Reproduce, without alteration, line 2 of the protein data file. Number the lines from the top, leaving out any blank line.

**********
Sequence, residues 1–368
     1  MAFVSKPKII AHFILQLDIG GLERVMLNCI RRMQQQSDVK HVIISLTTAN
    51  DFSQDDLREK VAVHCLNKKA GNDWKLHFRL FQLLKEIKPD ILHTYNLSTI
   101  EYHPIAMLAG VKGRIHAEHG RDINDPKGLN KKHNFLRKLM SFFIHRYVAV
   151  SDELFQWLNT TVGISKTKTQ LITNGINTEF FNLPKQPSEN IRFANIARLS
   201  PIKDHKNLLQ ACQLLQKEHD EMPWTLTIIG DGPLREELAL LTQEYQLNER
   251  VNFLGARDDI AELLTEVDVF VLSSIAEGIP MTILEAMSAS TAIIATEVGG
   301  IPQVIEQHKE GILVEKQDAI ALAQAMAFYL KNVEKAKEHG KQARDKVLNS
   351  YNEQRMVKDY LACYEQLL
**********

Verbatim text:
     1  MAFVSKPKII AHFILQLDIG GLERVMLNCI RRMQQQSDVK HVIISLTTAN